Tony Southgate and the XJR-6

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It was around this time that Jaguar called upon another major player in the development of their prototype sports car program, one who would see the manufacturer rise to the very top of the sport with a car based on the XJR-5 framework, and subsequent iterations.  Jaguars presence had been strongly established in IMSA with the XJR-5, after following entry in the 1984 24 Hours of Le Mans, they looked to develop a car to compete in the World Sportscar Championship and challenge the Porsche 962.  They turned to Tom Walkinshaw Racing to develop the XJR-6.  TWR was a race team founded in Oxford in 1976.  Initially involved in privateer efforts with Mazda and Rover, Tom Walkinshaw built a reputation for winning through successes in the European Touring Car series, securing a championship for Jaguar, a feat which eluded all other British makes that year.  Ironically, the title was sealed on the same weekend Group 44 took the XJR-5 to Le Mans.  It was a significant accomplishment, proving to Jaguar that it wasn’t only the American team who was capable of coaxing victory from the cars.  Through all its racing efforts, TWR was trying to align itself to become the Group C representative for Jaguar.  When TWR got its hands on an XJR-5 to begin development of the 6, Walkinshaw simply went through the motions because in reality, he was already preparing a new car in partnership with designer Tony Southgate. 

Southgate was brought on by TWR as a consultant, bringing with him an established career which spanned CanAm to Formula One.  He had recently finished designed the Ford C100 Group C prototype racer, and using the design as inspiration, he went straight to work on the new XJR-6.  The benefit of moving from one finished project to a new one was it gave you the opportunity to keep the good bits, and discard the bad ones.  If there were inherent problems with the previous design, you could engineer the problems out.  Much like the XJR-5, Southgate designed the chassis as an all carbon fiber tub and bodywork.  The aerodynamic properties of the body were developed at the Imperial College wind tunnel in London, where the car diverged from the classic ‘Porsche’ school of thought regarding aerodynamic design.  Southgate analyzed the airflow entering the underbody area of the car from both the front and sides.  He recognized that better management of side air in-flow was key in unlocking additional potential aerodynamic performance.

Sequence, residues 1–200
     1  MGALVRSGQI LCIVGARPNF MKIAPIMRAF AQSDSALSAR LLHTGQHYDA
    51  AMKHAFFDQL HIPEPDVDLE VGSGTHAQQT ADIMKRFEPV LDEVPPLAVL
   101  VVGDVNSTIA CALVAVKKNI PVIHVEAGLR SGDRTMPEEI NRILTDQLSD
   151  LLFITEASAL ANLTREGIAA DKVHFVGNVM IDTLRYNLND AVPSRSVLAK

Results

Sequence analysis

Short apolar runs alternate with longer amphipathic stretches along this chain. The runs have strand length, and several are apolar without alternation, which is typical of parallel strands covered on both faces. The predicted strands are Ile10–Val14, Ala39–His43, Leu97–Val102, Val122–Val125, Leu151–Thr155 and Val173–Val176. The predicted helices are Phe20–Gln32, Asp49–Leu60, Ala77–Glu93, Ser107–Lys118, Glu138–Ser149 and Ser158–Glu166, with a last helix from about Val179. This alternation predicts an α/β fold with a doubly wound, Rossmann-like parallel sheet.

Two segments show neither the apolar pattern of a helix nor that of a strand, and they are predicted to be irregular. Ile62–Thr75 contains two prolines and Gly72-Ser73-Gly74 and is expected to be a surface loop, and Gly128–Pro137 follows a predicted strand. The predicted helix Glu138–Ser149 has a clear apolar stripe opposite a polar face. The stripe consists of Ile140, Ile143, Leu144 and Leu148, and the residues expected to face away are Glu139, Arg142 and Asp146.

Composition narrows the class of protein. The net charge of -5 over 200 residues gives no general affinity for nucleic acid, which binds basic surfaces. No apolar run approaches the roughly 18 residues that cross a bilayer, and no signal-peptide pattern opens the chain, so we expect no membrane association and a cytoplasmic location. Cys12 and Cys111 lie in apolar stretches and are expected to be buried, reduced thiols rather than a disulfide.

To condense the idea Southgate was after into an easier to digest concept, allow me to add to my original topic on ground effect that was brought up during Porsches 962 development.  As a car passes through air at speed, the majority travels over the car, and some goes underneath.  Like an aerofoil, the air on top must travel faster than the air below the car to cover the same straight-line horizontal distance.  Faster air creates higher air pressure, and conversely slow air creates low pressure.  Low pressure under the car, as we should know by now, creates suction, pulling the car into the ground and improving traction.  If the underside air pressure is very low, it tends to act like a vacuum and pull undisturbed air at higher pressure into the void.  This usually occurs at the side of the car.  If you could create skirts that run between the front and rear wheels to separate the underside of the car from the ambient air, you create a tighter vacuum, and lower pressure.  Class dismissed.

In the same effort, the rear wheel well was sealed off with sheet metal bodywork to encapsulate more air underneath the car’s body.  This change alone improved downforce by a staggering 10%.

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The XJR-6 first appeared in competition at Mosport in Bowmanville, Ontario in August of 1985.  It weighed 920kg in race trim, a certifiable pig compared to the majority of its contemporaries, but despite the baby fat, Martin Brundle was able to hold a lead during the opening laps of the 1000km race.  The team of Brundle, Schlesser and Thackwell brought the car home in third spot, another debut from a Jaguar chassis showing immense promise for the future seasons.  Later that season, the same car and team scored fifth overall finish at the fateful 1985 1000km of Spa, the same event of Stefan Bellofs death.  The race was elected to be cut short by race directors which left the Jaguar where it had been currently running.  Finally, an impressive 2nd place finish was achieved at Shah Alam in Malaysia.  These being the notable finishes for the XJR-6 during the 1985 season, TWR had an opportunity to use the offseason to their advantage, and extract the winning potential out of the chassis.

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